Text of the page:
Years ago, when I taught preschool music, I used a book called Piggyback Songs quite a bit. To create a piggyback song, you write new lyrics to a familiar tune (“Twinkle, Twinkle”, etc.). I adopted the name “piggyback” and adapted it for writing. Piggyback Stories is what I call them and kids really do enjoy writing them. ALuv (currently 6.5 years old) has been working on one this week that I wanted to share.
1. First, we read and re-read The Enormous Turnip & The Enormous Watermelon. (This Russian folktale has taken piggyback forms of its own with The Enormous Potato, The Giant Carrot, The Giant Cabbage, etc.)
2. Then, I told him I wanted to see if he could write a piggyback story. What would he call it? “The Enormous ??”. We brainstormed some ideas together-what he could grow and who would be in his story. I wrote down a list for him from our brainstorming session.
3. To help ease his need for perfection the first time (an inherited trait, I’m afraid to say), we discussed a “sloppy copy”.
I showed him one of my sloppy copies from the latest Phonics by The Book reader. It blew his mind how messy it was. 🙂
4. He started writing…The Enormous Carrot.
He didn’t want to stop. Made my heart proud! (It took him 2 writing sessions to do this, about 45 minutes to an hour total.) I did step in occasionally to help him remember the “rhythm” or structure of the book and apply that to his own writing.
5. I edited his work. I helped him with conventions (mainly punctuation and capitalization) and some spellings.
Some Additional Ideas for “Piggyback” Stories
Folktales make some of the best material for piggyback stories because
- the story structure is predictable in nature (repetitive language; such as The Little Red Hen-“Who will help me?”…”Not I!”…”And she did.”; good always wins; etc.)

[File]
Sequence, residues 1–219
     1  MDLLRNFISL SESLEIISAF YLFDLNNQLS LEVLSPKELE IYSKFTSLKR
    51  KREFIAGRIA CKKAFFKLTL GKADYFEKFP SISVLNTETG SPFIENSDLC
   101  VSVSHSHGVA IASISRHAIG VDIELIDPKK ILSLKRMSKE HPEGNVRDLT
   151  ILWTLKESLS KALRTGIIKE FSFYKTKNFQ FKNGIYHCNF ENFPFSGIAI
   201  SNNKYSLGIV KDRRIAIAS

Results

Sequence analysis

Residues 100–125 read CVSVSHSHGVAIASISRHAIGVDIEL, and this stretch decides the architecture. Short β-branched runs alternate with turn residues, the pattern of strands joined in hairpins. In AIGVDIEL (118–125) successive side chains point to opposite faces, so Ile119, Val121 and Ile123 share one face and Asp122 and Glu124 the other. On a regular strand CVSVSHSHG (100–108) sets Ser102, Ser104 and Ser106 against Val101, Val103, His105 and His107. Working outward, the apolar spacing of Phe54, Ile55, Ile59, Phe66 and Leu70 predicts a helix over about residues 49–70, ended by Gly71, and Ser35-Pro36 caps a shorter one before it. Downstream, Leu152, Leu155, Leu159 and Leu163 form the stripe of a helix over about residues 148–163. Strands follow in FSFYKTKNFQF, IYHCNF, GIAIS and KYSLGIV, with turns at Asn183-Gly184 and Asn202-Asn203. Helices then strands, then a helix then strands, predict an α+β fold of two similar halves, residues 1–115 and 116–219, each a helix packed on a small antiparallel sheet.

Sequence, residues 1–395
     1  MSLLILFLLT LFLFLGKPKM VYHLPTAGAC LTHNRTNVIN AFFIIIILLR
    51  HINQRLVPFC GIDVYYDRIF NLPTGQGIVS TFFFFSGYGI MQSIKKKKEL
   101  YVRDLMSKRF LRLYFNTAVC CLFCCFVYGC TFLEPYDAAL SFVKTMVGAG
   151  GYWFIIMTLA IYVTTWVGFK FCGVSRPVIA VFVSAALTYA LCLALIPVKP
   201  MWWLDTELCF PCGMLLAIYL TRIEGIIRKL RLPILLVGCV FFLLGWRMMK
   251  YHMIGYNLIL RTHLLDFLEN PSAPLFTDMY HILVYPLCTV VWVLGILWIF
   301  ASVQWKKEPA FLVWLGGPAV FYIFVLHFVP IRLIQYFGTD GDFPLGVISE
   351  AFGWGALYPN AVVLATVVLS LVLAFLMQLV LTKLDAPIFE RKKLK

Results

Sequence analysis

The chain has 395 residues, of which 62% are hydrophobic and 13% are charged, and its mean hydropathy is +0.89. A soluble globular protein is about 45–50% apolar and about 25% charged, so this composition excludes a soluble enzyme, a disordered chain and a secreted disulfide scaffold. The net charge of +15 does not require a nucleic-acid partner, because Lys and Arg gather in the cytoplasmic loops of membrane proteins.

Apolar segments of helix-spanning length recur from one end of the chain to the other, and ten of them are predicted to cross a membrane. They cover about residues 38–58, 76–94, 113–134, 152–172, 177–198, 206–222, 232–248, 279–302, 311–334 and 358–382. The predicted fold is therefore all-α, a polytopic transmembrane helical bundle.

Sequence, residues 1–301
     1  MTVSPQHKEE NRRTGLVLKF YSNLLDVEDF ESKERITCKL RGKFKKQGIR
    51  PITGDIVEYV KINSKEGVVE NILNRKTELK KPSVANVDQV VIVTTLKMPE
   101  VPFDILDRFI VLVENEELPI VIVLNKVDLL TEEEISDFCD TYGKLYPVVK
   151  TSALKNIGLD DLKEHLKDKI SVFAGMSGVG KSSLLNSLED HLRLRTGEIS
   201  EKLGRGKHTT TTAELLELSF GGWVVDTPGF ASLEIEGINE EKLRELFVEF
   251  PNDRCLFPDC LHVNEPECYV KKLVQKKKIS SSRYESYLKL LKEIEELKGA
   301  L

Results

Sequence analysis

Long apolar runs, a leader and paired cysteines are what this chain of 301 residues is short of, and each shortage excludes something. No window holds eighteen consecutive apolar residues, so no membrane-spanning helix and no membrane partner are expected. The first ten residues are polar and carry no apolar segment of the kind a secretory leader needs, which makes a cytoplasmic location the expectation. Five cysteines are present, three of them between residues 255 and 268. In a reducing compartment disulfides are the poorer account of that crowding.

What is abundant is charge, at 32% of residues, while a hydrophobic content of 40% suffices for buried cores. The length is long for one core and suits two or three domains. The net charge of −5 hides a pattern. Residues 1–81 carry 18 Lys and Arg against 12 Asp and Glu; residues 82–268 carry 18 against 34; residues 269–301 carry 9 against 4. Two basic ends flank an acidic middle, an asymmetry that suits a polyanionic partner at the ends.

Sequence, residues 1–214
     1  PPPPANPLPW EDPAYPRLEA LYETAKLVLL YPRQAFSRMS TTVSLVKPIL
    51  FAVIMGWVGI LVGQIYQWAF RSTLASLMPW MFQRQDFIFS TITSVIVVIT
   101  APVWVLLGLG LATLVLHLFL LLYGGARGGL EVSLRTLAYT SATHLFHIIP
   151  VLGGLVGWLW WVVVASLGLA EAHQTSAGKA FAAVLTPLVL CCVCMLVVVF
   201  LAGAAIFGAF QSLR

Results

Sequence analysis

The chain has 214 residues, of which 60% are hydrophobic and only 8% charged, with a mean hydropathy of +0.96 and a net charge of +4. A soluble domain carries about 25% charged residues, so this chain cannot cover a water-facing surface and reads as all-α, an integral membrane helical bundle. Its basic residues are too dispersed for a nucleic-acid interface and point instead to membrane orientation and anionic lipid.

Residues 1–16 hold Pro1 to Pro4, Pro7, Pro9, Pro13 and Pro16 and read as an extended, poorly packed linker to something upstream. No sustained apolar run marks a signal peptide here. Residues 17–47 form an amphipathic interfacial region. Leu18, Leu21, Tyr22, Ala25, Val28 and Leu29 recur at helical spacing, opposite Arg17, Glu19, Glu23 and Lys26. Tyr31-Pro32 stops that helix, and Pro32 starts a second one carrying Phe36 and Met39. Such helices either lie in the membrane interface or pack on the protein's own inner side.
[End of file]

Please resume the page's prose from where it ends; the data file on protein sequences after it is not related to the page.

- there’s usually more than one version of the story (see the list below)
When you ask a child to write a piggyback story, it helps…
- to read at least two versions of the story to him
- for the child to be very familiar with the story line or structure of the story, so read and re-read the story(ies) several times
- to point out and discuss the predictability of the story with the child. This fosters comprehension (for example, see if he can predict what will happen next).
- to brainstorm ideas together; possibly create one yourself or together first to give the child support
Examples of some folk tales (and their “piggybacks”)
- The Little Red Hen (The Little Red Hen Makes a Pizza, Manana Iguana, It’s my Birthday)
- The Gingerbread Man (The Gingerbread Boy, Gingerbread Baby, The Gingerbread Cowboy, The Stinky Cheese Man)
- Goldilocks and the Three Bears (Believe Me, Goldilocks Rocks!)
- The Three Little Pigs (The Three Pigs, The Three Little Wolves and the Big, Bad Pig)
This post was linked to For the Kids Fridays.
Thanks and God bless,
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